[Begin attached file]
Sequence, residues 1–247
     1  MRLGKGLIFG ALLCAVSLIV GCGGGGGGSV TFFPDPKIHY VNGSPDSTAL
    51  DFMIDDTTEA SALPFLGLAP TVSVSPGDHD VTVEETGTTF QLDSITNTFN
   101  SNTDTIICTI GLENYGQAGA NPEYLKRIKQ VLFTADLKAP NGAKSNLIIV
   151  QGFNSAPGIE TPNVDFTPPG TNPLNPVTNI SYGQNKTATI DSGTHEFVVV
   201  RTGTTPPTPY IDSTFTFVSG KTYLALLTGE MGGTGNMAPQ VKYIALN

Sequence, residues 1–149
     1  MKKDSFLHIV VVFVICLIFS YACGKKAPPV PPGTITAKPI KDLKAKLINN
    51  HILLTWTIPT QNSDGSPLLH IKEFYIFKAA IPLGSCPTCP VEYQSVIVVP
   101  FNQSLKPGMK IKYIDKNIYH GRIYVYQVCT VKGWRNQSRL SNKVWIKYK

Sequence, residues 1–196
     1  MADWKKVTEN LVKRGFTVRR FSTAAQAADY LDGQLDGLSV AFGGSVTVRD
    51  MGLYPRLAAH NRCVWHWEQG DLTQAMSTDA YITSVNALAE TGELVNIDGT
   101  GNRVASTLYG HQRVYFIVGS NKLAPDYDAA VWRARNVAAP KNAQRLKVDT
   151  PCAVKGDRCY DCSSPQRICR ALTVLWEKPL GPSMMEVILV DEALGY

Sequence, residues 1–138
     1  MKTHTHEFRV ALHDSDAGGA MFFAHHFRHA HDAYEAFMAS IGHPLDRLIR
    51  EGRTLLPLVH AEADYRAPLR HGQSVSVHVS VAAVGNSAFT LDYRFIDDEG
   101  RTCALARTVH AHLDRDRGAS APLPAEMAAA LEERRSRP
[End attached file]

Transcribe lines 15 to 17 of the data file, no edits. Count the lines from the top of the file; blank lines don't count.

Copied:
   151  PCAVKGDRCY DCSSPQRICR ALTVLWEKPL GPSMMEVILV DEALGY

Sequence, residues 1–138
     1  MKTHTHEFRV ALHDSDAGGA MFFAHHFRHA HDAYEAFMAS IGHPLDRLIR